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Project Oklahoma: Do you know how much your local superintendent makes?

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Before the sun and the school bell, Oktaha superintendent Jerry Needham is often already at work.

It’s a job he’s held for more than 30 years. Like many long-time educators, he’s seen his budget shrink over time. As he tries to do more with less each year, he knows there’s one common criticism that comes with his job title.

“Get rid of the superintendent,” said Needham.

He’s paid around $30,000 a year because he’s officially retired. He’s one of the lowest paid superintendents in the state, but that wasn’t always the case.

“It doesn’t hurt me to give a little back,” said Needham. “When they don’t want me to do it, someone needs to tell me.”

Before he retired, Needham made around $130,000 a year as superintendent. That figure includes benefits.

“If they didn’t feel they weren’t getting their monies worth out of that, I wouldn’t be here because that wouldn’t have been acceptable,” said Needham.

“Our pyramid goes, we’re top heavy and we go down. It should be the other way around,” said Ronda Villamont-Smith.

Villamont-Smith is the co-founder of Oklahoma Taxpayers Unite. She said people aren’t often aware of how much their superintendent and other administrators within their local school district are making. The salaries are OK'd by school board members in meetings that not many people go to.

“[Our] frustration is that the school boards are the ones paying these abhorrent salaries,” said Villamont-Smith.

Last fiscal year, Project Oklahoma found out that superintendents were paid around $54 million. That’s not including benefits. The average salary for a superintendent was around $81,000.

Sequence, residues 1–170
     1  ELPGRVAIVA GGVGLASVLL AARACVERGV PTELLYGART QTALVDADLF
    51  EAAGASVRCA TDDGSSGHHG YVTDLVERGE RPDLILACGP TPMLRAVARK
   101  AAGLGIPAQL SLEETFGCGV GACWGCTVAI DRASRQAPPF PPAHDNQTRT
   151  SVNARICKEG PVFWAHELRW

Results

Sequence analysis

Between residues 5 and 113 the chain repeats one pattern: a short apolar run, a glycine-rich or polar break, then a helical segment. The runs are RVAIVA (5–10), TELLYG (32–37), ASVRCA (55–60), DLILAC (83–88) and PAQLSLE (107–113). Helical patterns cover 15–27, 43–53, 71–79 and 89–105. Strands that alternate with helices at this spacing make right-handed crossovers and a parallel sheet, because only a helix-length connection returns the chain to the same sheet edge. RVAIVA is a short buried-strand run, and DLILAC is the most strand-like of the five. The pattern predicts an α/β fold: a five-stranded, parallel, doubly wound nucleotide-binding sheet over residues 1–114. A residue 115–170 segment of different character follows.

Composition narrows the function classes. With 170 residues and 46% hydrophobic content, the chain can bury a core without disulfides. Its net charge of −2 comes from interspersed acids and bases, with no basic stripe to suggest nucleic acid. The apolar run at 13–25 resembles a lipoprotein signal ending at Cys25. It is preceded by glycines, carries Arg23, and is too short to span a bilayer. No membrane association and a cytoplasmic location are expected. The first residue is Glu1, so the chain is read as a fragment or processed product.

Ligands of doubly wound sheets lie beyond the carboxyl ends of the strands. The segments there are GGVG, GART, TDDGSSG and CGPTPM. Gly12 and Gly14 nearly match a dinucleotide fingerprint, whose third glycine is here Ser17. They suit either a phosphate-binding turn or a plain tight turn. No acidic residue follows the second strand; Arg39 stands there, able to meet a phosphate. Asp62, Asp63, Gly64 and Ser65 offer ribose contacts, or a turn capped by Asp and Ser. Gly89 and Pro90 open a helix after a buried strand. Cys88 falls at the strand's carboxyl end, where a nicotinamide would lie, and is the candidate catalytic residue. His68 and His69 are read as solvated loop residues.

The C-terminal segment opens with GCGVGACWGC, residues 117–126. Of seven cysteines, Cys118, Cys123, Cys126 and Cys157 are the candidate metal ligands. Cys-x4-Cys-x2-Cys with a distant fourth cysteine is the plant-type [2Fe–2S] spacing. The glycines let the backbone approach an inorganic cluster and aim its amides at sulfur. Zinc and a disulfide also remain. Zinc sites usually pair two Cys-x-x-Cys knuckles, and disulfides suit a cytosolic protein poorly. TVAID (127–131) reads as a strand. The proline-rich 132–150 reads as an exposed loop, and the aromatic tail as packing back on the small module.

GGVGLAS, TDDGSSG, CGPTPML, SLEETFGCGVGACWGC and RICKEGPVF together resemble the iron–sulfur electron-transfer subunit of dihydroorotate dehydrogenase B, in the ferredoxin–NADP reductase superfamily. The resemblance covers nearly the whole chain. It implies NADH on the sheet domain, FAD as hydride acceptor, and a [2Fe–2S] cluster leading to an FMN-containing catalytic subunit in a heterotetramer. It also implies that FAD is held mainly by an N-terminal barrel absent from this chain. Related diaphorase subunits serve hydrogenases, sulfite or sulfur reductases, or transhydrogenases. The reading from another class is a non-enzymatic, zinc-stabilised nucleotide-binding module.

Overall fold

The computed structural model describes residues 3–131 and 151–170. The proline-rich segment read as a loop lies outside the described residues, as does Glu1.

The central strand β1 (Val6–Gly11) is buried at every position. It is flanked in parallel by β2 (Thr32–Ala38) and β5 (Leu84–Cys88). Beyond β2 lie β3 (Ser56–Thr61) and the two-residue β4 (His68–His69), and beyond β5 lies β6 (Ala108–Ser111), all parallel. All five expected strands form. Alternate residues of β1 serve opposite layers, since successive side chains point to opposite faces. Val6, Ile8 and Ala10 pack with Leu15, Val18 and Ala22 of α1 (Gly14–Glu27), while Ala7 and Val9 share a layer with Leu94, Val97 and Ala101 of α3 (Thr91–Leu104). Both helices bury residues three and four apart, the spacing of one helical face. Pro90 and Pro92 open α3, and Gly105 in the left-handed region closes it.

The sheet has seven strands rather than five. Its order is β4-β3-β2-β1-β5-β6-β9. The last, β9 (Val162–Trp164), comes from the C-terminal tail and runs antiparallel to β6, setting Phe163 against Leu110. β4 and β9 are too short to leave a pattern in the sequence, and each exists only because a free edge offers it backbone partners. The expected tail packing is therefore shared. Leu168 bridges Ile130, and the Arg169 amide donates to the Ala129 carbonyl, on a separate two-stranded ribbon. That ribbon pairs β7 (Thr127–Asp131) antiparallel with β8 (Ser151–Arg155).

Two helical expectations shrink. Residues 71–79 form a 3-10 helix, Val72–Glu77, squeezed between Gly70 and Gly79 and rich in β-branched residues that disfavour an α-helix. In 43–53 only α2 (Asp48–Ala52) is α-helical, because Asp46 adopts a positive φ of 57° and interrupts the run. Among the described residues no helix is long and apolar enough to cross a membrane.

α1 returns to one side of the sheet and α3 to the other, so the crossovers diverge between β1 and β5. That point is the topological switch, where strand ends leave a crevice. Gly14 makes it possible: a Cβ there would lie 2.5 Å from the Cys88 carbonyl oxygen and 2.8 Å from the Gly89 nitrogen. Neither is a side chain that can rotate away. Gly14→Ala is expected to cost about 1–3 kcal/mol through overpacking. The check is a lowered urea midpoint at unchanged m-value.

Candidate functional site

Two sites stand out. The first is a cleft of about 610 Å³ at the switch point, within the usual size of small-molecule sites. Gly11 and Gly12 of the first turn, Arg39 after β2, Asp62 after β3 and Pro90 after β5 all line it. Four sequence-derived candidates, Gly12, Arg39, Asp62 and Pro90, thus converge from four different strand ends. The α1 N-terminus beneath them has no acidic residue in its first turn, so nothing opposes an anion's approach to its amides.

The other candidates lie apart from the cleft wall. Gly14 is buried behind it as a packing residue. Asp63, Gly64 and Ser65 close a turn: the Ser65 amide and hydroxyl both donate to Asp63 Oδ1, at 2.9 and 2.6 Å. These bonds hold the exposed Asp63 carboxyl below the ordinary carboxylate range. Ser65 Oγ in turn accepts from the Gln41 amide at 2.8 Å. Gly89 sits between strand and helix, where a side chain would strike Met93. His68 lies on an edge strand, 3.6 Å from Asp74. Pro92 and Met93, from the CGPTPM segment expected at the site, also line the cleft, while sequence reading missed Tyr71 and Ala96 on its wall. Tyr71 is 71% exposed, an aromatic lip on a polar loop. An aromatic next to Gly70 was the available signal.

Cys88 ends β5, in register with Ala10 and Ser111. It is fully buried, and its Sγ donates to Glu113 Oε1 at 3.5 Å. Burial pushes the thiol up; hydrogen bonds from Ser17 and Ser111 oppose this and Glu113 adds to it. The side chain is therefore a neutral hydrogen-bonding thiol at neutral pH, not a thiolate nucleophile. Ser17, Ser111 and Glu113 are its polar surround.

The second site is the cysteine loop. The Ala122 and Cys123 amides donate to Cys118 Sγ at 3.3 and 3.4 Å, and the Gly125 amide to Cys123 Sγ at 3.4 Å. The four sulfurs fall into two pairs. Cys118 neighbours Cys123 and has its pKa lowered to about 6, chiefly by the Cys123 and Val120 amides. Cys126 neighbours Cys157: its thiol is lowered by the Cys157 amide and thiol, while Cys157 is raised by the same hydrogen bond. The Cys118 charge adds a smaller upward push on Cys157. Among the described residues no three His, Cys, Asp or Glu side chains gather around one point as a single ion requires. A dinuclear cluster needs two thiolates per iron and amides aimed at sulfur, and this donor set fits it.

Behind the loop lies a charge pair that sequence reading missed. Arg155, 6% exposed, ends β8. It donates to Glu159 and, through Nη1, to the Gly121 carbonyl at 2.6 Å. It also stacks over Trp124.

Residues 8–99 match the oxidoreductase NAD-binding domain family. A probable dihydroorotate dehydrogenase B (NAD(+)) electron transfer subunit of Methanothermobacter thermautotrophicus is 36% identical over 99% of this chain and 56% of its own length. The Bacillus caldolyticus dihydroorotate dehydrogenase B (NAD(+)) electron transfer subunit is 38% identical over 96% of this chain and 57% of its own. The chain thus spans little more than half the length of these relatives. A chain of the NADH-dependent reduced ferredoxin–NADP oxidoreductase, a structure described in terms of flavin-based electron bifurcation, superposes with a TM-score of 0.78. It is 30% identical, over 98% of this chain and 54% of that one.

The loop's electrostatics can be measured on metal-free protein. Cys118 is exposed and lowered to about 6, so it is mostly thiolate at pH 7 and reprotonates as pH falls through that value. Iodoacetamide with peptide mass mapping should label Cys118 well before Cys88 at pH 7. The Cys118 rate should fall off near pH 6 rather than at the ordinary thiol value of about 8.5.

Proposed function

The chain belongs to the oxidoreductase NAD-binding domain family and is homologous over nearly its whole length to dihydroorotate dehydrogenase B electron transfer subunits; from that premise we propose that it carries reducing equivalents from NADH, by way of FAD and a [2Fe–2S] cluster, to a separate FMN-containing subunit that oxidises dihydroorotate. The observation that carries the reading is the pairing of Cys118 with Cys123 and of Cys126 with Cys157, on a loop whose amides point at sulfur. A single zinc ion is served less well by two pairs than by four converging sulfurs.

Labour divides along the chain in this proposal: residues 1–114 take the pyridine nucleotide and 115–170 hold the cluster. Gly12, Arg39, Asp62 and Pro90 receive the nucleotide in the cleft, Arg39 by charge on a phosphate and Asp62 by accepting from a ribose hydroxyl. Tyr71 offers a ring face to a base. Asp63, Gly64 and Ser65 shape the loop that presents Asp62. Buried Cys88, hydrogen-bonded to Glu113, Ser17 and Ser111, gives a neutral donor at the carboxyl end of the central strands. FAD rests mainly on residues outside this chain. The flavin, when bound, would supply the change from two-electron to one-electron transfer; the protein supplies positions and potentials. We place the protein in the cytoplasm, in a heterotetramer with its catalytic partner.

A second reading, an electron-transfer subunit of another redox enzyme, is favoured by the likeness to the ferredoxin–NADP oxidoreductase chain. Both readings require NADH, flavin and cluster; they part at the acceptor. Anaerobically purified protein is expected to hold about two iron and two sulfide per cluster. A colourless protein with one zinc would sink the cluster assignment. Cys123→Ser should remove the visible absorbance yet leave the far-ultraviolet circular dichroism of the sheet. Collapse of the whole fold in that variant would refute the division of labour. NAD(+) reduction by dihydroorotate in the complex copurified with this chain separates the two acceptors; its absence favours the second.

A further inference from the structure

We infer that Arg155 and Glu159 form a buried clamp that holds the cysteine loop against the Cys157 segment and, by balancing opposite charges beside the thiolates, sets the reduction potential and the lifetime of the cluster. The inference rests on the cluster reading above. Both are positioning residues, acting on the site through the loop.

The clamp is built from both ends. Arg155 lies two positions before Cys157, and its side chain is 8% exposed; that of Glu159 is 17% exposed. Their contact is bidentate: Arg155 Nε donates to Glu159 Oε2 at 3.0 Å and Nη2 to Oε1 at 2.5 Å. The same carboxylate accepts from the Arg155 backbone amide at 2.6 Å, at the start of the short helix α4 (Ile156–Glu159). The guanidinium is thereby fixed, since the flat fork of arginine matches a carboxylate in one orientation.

“Most superintendents do pull six figures,” said Needham.

He said, even when he was making more money, his administrative costs are much smaller than other larger districts because he takes on a lot of other duties.

“In a school this size, the superintendent is your director of child nutrition, director of personnel, transportation, grounds and maintenance, payroll, human resources... I could go on and on,” said Needham. “I’m not mopping the cafeteria, but if it doesn’t get mopped that’s my problem.”

Villamont-Smith agreed with Needham and said the first-place people should look to save money in larger school districts across the state.

“We’re way too heavy in administrative costs; our focus hasn’t been enough on classroom education,” said Villamont-Smith.

However, both say if people are concerned about salaries and spending, there’s one easy way to fix it.

“Our system is set up where if the people of that community are not, don’t agree with that, there’s a board election every year. Doesn’t matter what school you’re in, there’s an election for a board seat every year,” said Needham.

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